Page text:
Tenure

FAQs about New Tenure Law

More on tenure

What you need to know about the 2012 Tenure Reform Law

1. Tenure can be earned in four years. After a first year, which includes required mentoring, a teacher must be rated effective in two of the following three years to be considered for tenure.

2. Tenure charges must be brought against a teacher rated ineffective following a partially effective or lower rating the previous year. Tenure charges may be brought against a teacher rated partially effective following a partially effective or lower rating the previous year, but the district has the discretion to offer that teacher a third year to reach a effective rating before a tenure charge. Due process rights are maintained.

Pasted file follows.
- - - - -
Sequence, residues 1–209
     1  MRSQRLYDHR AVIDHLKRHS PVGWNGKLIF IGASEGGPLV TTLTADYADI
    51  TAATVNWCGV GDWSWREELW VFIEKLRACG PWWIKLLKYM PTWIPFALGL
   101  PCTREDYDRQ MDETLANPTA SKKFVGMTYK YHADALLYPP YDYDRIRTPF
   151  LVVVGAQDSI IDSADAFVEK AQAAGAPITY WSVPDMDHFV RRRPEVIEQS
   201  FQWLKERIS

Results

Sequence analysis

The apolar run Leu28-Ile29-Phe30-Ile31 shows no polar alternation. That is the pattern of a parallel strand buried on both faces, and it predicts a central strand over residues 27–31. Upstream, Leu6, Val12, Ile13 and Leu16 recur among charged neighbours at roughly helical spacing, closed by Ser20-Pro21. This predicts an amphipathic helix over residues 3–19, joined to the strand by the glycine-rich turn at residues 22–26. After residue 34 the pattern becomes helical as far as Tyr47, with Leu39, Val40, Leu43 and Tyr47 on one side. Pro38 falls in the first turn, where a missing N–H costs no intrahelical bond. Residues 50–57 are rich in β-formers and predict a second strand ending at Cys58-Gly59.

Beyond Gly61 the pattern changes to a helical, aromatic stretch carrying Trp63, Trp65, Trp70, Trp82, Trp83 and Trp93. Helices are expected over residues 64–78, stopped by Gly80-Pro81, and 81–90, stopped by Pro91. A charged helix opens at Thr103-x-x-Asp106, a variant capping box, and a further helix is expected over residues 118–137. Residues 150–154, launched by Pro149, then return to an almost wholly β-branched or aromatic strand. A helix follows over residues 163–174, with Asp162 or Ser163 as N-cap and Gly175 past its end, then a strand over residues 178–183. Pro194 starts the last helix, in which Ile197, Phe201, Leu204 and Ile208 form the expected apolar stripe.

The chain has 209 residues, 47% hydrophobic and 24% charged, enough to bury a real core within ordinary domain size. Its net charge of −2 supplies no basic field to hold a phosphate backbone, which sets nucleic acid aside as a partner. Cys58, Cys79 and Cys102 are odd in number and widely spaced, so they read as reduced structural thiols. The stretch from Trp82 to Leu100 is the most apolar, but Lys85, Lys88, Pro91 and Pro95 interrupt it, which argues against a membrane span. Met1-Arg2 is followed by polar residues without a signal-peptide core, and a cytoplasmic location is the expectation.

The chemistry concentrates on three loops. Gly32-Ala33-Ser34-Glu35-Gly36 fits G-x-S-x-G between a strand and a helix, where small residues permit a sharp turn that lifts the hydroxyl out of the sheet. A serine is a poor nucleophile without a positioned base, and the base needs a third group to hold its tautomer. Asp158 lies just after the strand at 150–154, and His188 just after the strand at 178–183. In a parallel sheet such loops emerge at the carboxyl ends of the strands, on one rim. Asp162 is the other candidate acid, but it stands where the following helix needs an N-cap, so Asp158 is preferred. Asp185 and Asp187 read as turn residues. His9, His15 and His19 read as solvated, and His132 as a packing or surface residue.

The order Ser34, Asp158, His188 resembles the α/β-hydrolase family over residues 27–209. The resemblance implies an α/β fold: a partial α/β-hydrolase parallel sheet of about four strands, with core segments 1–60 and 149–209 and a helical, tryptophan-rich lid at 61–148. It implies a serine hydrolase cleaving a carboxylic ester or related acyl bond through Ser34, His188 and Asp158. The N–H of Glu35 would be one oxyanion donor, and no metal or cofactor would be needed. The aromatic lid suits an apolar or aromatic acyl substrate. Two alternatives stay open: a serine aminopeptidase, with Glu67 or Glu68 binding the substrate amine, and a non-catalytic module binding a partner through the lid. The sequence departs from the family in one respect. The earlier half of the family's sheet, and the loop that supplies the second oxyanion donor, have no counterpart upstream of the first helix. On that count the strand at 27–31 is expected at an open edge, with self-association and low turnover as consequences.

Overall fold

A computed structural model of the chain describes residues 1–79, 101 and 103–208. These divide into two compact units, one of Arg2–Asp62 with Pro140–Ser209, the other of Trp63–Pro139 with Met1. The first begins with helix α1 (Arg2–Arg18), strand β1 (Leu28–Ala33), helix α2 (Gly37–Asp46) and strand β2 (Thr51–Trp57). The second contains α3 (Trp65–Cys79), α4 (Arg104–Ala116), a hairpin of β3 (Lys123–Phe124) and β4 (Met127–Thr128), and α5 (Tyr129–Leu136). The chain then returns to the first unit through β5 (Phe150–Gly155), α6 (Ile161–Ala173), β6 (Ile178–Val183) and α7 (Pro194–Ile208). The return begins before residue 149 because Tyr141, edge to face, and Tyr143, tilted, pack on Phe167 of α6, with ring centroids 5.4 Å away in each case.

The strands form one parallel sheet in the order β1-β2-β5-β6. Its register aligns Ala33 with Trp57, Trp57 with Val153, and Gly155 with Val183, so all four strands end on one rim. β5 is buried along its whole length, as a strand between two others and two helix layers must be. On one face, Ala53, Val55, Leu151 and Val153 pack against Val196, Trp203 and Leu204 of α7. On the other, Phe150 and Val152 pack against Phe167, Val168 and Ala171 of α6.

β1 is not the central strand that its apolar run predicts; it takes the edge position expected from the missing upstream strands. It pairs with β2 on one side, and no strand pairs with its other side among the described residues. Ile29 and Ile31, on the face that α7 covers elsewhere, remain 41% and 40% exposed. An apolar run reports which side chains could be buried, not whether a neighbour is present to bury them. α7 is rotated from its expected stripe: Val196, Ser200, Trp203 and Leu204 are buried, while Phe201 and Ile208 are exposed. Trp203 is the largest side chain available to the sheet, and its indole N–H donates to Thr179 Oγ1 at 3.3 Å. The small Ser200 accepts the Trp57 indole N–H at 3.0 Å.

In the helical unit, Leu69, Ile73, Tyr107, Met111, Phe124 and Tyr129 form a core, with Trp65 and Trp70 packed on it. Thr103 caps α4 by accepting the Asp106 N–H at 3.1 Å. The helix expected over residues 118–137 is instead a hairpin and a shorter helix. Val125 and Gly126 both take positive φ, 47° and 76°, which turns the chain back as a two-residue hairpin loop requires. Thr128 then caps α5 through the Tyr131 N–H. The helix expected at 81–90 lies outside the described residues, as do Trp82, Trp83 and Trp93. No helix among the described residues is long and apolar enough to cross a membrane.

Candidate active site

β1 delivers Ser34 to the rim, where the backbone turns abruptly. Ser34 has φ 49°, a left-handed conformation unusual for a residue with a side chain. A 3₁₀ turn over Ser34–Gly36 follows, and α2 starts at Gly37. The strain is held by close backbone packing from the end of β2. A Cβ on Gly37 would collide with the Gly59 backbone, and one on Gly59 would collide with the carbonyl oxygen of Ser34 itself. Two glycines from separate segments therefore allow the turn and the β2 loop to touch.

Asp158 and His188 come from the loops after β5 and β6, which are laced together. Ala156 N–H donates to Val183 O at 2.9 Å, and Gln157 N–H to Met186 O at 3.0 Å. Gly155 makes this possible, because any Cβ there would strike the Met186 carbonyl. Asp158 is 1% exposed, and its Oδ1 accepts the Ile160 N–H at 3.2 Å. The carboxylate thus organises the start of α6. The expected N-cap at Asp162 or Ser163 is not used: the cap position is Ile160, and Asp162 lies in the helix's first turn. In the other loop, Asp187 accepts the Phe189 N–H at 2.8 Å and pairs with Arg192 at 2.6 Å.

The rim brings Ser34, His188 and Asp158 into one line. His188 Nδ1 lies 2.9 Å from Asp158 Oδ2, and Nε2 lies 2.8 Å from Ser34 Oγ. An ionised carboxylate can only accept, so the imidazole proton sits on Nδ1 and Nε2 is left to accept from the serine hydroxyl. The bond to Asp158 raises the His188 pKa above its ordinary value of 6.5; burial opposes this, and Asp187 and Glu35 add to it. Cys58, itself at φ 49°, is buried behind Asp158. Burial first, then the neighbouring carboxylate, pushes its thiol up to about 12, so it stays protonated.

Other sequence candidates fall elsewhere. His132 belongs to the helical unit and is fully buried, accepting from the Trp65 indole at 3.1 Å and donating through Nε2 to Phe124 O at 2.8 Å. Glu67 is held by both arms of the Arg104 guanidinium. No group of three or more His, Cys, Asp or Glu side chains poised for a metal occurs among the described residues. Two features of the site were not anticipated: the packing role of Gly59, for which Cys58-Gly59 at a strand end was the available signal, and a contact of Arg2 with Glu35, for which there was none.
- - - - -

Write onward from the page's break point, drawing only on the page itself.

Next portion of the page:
3. Tenure cases go to an arbitrator, whose decision is final and binding. A faster, less expensive process

4. Certified in-district supervisors conduct evaluations.

5. There are No changes to seniority.

6. Stipulates that test scores shall not be the “predominant” factor in a teacher’s evaluation.

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